Each travelogue is also an autobiography. It tells us as much about the traveller’s intentions, culture and philosophy as it does about the place they’re visiting. The books listed below introduce us to some of the most influential visitors to the Subcontinent and tell us about the India they experienced. From the adventures of a 14th-Century Moroccan explorer to the impressions of a young British woman in Mughal zenanas, this reading list has something for every history-minded wanderer. It complements Sarmaya’s Spotlight on travel, Open Roads.
Europe’s India: Words, People, Empires 1500-1800 by Sanjay Subrahmanyam
The European notion of the East in general, and India in particular, has been criticised for its distorting or superficial nature—and yet, it has endured. Author Sanjay Subrahmanyam provides context for how this came to be and the factors that shaped the idea that was ‘Europe’s India’, from politics, art, and culture to religion and language. He examines the different bodies of knowledge produced by the Europeans between the 16th and 19th centuries, through the experiences of traders, missionaries, scholars, and even soldiers who visited the Subcontinent. Europe’s Indiashows us how varied streams of thought coexisted and how their advocates often struggled with each other. It presents European insights on India in relation to the circumstances in which these were produced.
Samuel Bourne’s Photographic Journeys in the Himalayas 1863-1866 edited by Hugh Rayner
Imagine a travel blog from the 1800s and you’ll have a good sense of this biography of a prolific British photographer. Samuel Bourne produced one of the largest collections of landscape photographs from South Asia in the 19th Century. It began when he set out on a Himalayan expedition in the mid-1800s, armed with his camera and accompanied by an entourage of Ladakhis who carried the equipment and occasionally, the photographer too. This travel journal contains his photographs, which are woven through with interesting anecdotes, encounters, poems and an accidental yet ingenious discovery about the photographic qualities of mountain water. Sarmaya houses a large collection of albumen print photographs by Samuel Bourne.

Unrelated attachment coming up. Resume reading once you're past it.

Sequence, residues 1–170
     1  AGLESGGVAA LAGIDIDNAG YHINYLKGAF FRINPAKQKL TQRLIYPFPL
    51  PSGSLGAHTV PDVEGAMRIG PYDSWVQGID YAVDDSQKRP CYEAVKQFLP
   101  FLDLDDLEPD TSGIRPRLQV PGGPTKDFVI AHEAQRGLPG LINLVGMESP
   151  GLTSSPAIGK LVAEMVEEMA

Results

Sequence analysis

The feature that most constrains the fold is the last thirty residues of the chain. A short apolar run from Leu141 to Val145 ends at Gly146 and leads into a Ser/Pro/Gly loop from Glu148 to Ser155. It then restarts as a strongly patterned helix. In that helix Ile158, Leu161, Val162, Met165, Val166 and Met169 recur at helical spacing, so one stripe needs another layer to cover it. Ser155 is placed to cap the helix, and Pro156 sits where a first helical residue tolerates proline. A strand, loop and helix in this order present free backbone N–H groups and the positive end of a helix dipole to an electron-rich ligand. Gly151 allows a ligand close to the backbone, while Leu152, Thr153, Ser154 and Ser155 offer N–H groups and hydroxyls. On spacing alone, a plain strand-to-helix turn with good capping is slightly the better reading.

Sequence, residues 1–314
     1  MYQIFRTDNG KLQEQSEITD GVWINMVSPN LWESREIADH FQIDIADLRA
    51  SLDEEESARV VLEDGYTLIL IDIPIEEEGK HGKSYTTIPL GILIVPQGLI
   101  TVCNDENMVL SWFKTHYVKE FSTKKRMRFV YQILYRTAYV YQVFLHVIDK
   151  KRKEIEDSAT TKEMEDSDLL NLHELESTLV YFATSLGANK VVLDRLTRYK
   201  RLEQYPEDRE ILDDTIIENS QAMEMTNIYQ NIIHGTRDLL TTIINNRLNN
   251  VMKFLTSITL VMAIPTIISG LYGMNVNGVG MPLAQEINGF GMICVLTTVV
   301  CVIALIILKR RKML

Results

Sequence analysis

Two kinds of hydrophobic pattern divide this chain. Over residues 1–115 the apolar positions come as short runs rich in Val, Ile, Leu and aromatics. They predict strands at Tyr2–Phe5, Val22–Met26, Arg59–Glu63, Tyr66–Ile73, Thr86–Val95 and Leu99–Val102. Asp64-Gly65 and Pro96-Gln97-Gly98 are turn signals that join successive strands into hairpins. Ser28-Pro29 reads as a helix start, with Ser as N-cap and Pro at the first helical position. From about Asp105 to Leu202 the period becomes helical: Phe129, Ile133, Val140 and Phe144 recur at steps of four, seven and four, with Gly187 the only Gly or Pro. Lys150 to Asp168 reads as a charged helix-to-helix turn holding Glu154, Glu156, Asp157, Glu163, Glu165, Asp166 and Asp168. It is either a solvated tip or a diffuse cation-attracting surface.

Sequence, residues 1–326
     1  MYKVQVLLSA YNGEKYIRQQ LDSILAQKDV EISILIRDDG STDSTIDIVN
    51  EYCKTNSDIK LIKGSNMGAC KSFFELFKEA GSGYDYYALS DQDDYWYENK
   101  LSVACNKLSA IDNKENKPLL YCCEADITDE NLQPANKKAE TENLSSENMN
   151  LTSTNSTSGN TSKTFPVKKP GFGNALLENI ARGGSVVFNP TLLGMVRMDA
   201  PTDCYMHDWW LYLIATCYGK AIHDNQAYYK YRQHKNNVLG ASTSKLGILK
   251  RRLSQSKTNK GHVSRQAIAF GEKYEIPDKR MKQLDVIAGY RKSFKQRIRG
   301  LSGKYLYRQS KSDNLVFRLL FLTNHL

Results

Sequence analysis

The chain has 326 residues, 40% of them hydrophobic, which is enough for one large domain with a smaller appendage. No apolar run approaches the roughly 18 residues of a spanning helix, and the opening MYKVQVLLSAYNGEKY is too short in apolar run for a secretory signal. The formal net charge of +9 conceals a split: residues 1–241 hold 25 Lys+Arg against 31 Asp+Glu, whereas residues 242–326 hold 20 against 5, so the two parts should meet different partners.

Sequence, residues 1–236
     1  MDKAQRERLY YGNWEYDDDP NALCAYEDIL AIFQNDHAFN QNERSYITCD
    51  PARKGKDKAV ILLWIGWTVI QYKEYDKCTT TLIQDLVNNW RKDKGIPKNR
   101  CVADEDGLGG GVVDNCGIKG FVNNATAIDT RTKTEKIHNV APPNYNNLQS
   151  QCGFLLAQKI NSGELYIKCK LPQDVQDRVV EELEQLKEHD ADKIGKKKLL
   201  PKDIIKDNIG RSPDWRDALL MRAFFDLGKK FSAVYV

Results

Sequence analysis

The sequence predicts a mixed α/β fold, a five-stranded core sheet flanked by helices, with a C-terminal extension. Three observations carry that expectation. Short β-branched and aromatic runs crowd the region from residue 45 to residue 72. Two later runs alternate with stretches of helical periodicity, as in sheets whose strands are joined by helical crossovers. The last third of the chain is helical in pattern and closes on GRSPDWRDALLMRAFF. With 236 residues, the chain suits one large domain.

The Travels of Ibn Battutah edited by Tim Mackintosh-Smith
Any list of travel-writing would be incomplete without mention of Ibn Battuta and his travels to the antipodes of the world— from east to west. This is an anecdotal and adventurous account of the 14th-century Moroccan explorer who made his way across Africa to India to China. This travelogue recounts his life not just as a traveller but also as a judge and ambassador in the several countries he visited. Tim Mackintosh-Smith, with his light touch, makes this legendary traveller’s account accessible to readers in the 21st century.
A Venetian at the Mughal Court: The Life and Adventures of Nicoló Manucci by Marco Moneta
Travel back in time to Mughal India with the man who witnessed history being made. Nicoló Manucci arrived from Venice in the mid-1600s as a teenager and over time rose to positions of influence and respect in the durbar of the Mughal rulers. He documented the dramatic events he witnessed in the book, Storia do Mogor. Author Marco Moneta takes us behind the scenes of this epoch-defining work as he traces Manucci’s career and its shifting trajectories. As he went from serving in the Mughal and Rajput armies to becoming court physician, Manucci acquired deep, extensive knowledge about the political landscape of the time, and even managed negotiations between European-Mughal authorities.
Begums, Thugs & White Mughals: The Journals of Fanny Parkes selected and introduced by William Dalrymple
Fanny Parkes’s impressions of life in 18th-Century India are illuminating because she was a rare thing for the time: a young woman traveller. The Welsh writer came to the country in 1822 after marrying an officer from the East India company. She spent 24 years here and during that time, she travelled extensively and often by herself. By assimilating into various social circles, she gained access to those aspects of the culture that related to Indian women, from life in a zenana or harem to the practice of sati. She published her observations in the richly illustrated 1850 book, which is part of Sarmaya’s rare books collection, Wanderings of a Pilgrim, in search of the Picturesque. Historian William Dalrymple gives us a glimpse in this travel writer’s intrepid life in this compilation of her journals: “Fanny was a passionate lover of India and, though a woman of her time, in her writing and her travels did her best to understand and build bridges across the colonial divide.”